And that's assuming they get that far without destroying each other with their increasingly nasty bickering. There just might be an opening for someone else to step in and unify the party. Oh, you know, like say maybe Al Gore.

Gore insists he won't run despite a movement called "draft-Gore-dot-com" that's calling on him to "transcend politics as usual and bring real hope to our country and to the world." As recently as last month, the former vice president said he has "no plans to be a candidate." But being a politician he added, "I see no reason to rule it out entirely."

Also, it's worth noting Gore has not backed either Clinton or Obama so far, and a recent report indicated that an endorsement by Gore is looking less likely. Former advisers suggest the Nobel Prize catapulted Gore to a new national and international standing that could possibly be tarnished by taking sides in the primary battle.

Here’s my question to you: If the Democrats have trouble picking between Barack Obama and Hillary Clinton, should Al Gore consider entering the race?

Interested to know which ones made it on air?

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Filed under: Uncategorized
January 25th, 2008
05:56 PM ET

Bill Clinton: political attack dog?

Former U.S. President Bill Clinton campaigns for his wife in Greenville, South Carolina. Click the play button to see what Jack and our viewers had to say.

Former U.S. President Bill Clinton campaigns for his wife in Greenville, South Carolina. Click the play button to see what Jack and our viewers had to say.

FROM CNN's Jack Cafferty:

Bill Clinton, former president of the United States turned political attack dog, is apparently helping his wife's presidential campaign.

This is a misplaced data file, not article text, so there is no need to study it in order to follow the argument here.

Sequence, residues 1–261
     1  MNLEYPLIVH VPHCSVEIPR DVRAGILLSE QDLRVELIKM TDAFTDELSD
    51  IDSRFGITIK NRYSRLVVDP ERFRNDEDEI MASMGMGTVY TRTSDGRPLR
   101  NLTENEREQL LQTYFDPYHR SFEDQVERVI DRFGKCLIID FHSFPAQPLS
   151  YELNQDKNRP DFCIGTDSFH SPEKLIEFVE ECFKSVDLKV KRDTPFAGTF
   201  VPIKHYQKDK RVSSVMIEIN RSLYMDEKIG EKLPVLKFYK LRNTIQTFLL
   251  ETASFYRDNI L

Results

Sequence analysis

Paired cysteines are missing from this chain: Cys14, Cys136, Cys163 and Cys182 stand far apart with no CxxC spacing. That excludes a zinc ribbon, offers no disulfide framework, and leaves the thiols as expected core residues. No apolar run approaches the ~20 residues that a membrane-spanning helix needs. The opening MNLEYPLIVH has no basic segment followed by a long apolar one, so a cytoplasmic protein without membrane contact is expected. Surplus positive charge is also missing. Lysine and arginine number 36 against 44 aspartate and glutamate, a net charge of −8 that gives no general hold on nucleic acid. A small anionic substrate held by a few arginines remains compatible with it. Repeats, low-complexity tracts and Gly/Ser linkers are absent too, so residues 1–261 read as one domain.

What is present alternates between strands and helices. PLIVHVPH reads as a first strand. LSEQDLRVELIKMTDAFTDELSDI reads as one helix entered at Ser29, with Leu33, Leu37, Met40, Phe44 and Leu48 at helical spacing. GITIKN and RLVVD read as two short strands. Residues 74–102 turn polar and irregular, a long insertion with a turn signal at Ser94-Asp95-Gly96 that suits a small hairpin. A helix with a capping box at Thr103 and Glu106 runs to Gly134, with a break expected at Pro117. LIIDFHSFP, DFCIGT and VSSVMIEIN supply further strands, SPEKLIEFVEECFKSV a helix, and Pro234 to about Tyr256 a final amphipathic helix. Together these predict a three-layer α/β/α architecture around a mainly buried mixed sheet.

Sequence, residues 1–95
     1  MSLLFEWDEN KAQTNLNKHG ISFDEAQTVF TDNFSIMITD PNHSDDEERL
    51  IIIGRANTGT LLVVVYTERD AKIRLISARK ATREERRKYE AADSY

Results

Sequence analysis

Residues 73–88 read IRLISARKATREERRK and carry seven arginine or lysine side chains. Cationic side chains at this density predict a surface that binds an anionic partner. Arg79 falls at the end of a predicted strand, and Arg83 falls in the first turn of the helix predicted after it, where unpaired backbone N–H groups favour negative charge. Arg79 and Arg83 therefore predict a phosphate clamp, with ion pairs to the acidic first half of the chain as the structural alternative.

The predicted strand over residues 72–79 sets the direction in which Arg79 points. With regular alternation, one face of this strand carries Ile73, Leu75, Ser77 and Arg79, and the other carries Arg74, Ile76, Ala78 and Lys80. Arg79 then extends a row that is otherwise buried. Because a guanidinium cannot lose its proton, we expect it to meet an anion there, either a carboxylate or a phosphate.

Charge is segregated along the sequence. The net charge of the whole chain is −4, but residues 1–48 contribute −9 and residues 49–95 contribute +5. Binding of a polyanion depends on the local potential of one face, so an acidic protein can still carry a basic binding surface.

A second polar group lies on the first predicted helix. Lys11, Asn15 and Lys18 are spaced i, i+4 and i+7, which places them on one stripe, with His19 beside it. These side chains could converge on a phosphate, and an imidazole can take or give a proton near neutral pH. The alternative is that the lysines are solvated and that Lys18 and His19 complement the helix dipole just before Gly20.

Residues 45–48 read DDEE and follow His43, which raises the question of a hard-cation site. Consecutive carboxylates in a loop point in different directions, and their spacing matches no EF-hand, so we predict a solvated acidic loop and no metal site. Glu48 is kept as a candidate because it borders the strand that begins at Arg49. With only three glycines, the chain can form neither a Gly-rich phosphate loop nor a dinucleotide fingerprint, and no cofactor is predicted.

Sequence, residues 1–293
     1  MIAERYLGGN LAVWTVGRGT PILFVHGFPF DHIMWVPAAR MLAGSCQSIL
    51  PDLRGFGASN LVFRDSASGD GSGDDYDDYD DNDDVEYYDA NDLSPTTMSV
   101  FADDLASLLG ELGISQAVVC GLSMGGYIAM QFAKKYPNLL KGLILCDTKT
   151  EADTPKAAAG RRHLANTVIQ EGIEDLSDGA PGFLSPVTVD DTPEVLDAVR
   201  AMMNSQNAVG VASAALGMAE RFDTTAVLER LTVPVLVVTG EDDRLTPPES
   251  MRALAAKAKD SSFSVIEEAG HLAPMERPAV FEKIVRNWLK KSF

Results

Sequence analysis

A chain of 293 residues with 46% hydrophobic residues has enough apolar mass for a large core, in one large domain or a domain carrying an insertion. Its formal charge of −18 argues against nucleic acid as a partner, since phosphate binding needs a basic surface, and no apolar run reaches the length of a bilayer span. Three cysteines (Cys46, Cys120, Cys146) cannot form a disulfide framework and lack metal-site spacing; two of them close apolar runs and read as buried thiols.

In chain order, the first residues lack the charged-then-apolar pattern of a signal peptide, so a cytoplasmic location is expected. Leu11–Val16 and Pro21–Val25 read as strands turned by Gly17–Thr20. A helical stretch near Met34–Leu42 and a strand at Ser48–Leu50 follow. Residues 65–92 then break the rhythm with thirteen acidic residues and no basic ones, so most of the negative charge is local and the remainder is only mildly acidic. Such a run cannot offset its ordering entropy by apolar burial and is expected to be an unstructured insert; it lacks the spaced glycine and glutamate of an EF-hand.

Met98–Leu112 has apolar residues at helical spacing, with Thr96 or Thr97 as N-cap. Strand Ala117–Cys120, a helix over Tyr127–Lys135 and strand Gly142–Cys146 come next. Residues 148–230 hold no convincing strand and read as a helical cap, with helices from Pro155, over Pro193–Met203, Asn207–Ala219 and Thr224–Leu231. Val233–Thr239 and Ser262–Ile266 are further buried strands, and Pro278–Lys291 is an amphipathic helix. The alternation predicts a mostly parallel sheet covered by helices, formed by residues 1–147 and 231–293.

The New York Times reports that Clinton advisers say the former president's aggressive stance against Barack Obama is resonating with voters, and they plan to keep him on the campaign trail in a major role after the South Carolina primary.

They say the benefits of having Bill Clinton challenge Obama are worth the trade-offs of perhaps overshadowing Hillary or damaging his own reputation.

In fact, campaign officials acknowledge that the former president is deliberately playing "bad cop", and predict a voter backlash against Obama if it ends up being Bill Clinton who looks like a victim. Whether it's working or not there are those who suggest this is no way for a former president to act.

Peggy Noonan in today's Wall Street Journal: "Bill Clinton, with his trembly, red-faced rage, makes John McCain look young. His divisive and destructive daily comportment - this is a former president of the United States - is a civic embarrassment." She goes on: "...The Clintons are tearing the party apart. It will not be the same after this. It will not be the same after its most famous leader, and probable ultimate victor, treated a proud and accomplished black man who is a U.S. senator as if he were nothing, a mere impediment to their plans."

Here’s my question to you: Should a former president be acting as a political attack dog on behalf of his wife?

Interested to know which ones made it on air?

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Filed under: Uncategorized
January 25th, 2008
04:54 PM ET

McCain’s mom takes on GOP?

 Roberta McCain, mother of Republican U.S. presidential hopeful Sen. John McCain on the 'Meet the Press' May 2007 in Washington, DC..

Roberta McCain, mother of Republican U.S. presidential hopeful Sen. John McCain on the 'Meet the Press' May 2007 in Washington, DC..

FROM CNN's Jack Cafferty:

John McCain is getting no love from the Republican base…so says his 95-year-old mother, Roberta McCain.

She claims she's seen her son get no help whatsoever from the party base. Nonetheless, Mrs. McCain says he can go on to win the nomination, adding quote "I think holding their nose they're going to have to take him." You gotta love it.

She also had this to say: “Now I'm really popping off, but he worked like a dog to get Bush re-elected… He's backed Bush in everything except Rumsfeld. Have you heard other senators and congressmen backing Bush over eight years? Find me it, give me a name. I've not seen any public recognition of the work that he's done for the Republican Party.”

When asked about his mother's comments, McCain said that although he loves her, they disagree on some things. He joked that given his mom's age, she should get a little latitude for her candid remarks. McCain also pointed to the fact that he won more Republican votes than any other candidate in both South Carolina and New Hampshire. He says the support he got from independents should show conservatives he's the most electable candidate come the general election.